Dance innovator Way ne McGregor comes to Movimentos with his sci-fi creature feature Atomos, viewed in 3D.
The multi-award-winning British choreographer has staged works for the Paris Opera Ballet, La Scala and the Nederlands Dans Theater as well as a dance number for the Olympic Games in London and choreography for Harry Potter’s magical creatures. With his London-based company Wayne McGregor/Random Dance, founded in 1992, he experimented with science and technology to create movement. His scientific questionings reveal what happens when atomised movement, film, sound and light collide.
How have scientific developments allowed you to further explore your ideas for dance?
What’s been interesting over the last 10 years or so has been the advancements in cognitive science and the technology by which things can become visible from the inside of the body which were once invisible. Our understanding of brain science has developed – how we start to look at what’s going on in the brain and the instruments to be able to serve this. This is why with this piece I got so interested in biometric data. How do you take intimate signals from inside your body and use them as a resource for dance making?
In Atomos you ask the question, “What is the body?” How did the use of technology contribute to that questioning?
It came out of the fact that I wanted to take a kind of iconic film from the 1980s, a film I knew very well and loved (Blade Runner), and cannibalise it. One thing we did is that we took the film and we atomised it. A software programme divided it into 1200 parts – the little atoms of the film. The computer analyses the motion in that clip and throws it out on the screen as a 3D creature. So on screen, wearing 3D glasses, you see this kind of autonomous agent that takes the maths from the movement in the image and it creates these physical kinds of tendon, bone and, kind of, strangeness. We use that for improvisation.
So your dancers wear 3D glasses and work with the creature’s movements?
Yeah, they work with this creature. The creature has parts of the film motion that it captured, in a form you don’t recognise. It’s not like a stick figure trying to do the moves, it’s a very hypnotic, very beguiling creature in its own right. The dancers wear 3D glasses and improvise with it to provide novel or unfamiliar solutions for the body.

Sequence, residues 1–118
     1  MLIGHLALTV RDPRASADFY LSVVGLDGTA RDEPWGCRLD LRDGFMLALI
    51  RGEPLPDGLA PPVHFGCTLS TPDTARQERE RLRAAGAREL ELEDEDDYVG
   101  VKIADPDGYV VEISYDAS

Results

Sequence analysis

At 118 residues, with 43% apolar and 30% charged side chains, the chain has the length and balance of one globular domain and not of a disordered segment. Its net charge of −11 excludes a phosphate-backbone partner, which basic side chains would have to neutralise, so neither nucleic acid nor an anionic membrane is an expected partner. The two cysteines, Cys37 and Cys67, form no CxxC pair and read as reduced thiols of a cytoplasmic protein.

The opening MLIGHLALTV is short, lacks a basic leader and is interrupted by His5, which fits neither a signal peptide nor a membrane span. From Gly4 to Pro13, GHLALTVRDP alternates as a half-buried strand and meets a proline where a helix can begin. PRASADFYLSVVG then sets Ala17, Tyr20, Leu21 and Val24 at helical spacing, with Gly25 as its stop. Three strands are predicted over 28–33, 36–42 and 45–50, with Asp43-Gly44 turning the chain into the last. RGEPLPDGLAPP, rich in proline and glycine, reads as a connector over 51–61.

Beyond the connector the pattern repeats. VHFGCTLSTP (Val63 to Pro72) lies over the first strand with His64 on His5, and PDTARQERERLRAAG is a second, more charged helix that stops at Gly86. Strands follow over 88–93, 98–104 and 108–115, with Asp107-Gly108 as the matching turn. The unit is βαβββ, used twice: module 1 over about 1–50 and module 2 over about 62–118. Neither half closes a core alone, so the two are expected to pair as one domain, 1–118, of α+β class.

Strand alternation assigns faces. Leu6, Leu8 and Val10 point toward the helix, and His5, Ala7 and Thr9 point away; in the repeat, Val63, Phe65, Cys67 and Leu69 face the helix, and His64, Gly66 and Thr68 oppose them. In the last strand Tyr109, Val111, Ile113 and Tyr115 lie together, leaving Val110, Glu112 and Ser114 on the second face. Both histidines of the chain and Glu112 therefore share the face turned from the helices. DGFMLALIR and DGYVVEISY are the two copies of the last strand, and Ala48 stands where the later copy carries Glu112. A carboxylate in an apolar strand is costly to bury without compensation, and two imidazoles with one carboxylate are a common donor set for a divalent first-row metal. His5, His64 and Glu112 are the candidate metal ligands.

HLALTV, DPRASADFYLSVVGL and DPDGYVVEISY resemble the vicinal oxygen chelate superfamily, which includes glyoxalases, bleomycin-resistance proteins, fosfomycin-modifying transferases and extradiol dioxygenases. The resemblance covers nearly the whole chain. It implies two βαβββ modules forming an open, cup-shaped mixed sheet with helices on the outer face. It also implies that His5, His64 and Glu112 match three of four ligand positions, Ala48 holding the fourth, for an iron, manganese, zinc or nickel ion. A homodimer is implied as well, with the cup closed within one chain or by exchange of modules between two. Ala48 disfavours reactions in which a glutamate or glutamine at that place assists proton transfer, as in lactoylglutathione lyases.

How did you experiment with biometric data?
Studio XO, who we did the costumes with, they took my biometric data – my sense of arousal, excitement and adrenalin – and converted it into maths and made objects out of it. These Styrofoam-type objects we then improvised with to give us a kind of relationship to the object. We then took the object away and we had choreography.
Tell me a bit about the music.
What’s interesting about Blade Runner is the music by Vangelis, which was one of the first electronic scores for a movie. I asked [post-classical duo] A Winged Victory for the Sullen to kind of atomise, pixelise the Vangelis and then work with it to guide those granules of sound.
You’re well-known for your collaborations with influential artists from all fields, like Thom Yorke.
I think dance has to be plugged into the real world. So often art forms can be stifled off into side communities and I’ve never been interested in that. With someone like Thom, I’m interested in people’s physical signatures. Thom has an amazing way of dancing anyway, so it was really all him and me helping him sculpt and shape that in a choreographic form. That’s why I loved working with him.
Atomos May 15-18, 20:00 | The Autostadt, Stadtbrücke, Wolfsburg
Originally published in issue #127, May 2014.